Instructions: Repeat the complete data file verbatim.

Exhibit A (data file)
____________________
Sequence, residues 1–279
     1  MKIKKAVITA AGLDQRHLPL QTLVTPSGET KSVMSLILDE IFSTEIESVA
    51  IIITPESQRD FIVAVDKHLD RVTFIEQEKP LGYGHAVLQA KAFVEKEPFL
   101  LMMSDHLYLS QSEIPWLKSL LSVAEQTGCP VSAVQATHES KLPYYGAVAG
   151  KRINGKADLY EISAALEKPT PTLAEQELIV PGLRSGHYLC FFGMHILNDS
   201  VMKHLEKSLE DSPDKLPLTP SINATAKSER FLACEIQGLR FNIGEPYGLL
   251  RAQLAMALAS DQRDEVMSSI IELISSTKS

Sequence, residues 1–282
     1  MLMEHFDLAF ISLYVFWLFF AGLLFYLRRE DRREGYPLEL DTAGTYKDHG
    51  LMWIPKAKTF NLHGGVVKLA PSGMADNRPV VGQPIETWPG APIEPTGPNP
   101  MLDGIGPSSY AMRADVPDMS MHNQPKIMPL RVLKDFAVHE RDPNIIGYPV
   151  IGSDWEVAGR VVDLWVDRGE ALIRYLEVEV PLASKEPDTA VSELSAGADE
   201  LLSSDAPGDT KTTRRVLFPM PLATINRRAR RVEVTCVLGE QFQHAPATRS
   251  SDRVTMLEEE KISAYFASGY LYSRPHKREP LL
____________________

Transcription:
Sequence, residues 1–279
     1  MKIKKAVITA AGLDQRHLPL QTLVTPSGET KSVMSLILDE IFSTEIESVA
    51  IIITPESQRD FIVAVDKHLD RVTFIEQEKP LGYGHAVLQA KAFVEKEPFL
   101  LMMSDHLYLS QSEIPWLKSL LSVAEQTGCP VSAVQATHES KLPYYGAVAG
   151  KRINGKADLY EISAALEKPT PTLAEQELIV PGLRSGHYLC FFGMHILNDS
   201  VMKHLEKSLE DSPDKLPLTP SINATAKSER FLACEIQGLR FNIGEPYGLL
   251  RAQLAMALAS DQRDEVMSSI IELISSTKS

Sequence, residues 1–282
     1  MLMEHFDLAF ISLYVFWLFF AGLLFYLRRE DRREGYPLEL DTAGTYKDHG
    51  LMWIPKAKTF NLHGGVVKLA PSGMADNRPV VGQPIETWPG APIEPTGPNP
   101  MLDGIGPSSY AMRADVPDMS MHNQPKIMPL RVLKDFAVHE RDPNIIGYPV
   151  IGSDWEVAGR VVDLWVDRGE ALIRYLEVEV PLASKEPDTA VSELSAGADE
   201  LLSSDAPGDT KTTRRVLFPM PLATINRRAR RVEVTCVLGE QFQHAPATRS
   251  SDRVTMLEEE KISAYFASGY LYSRPHKREP LL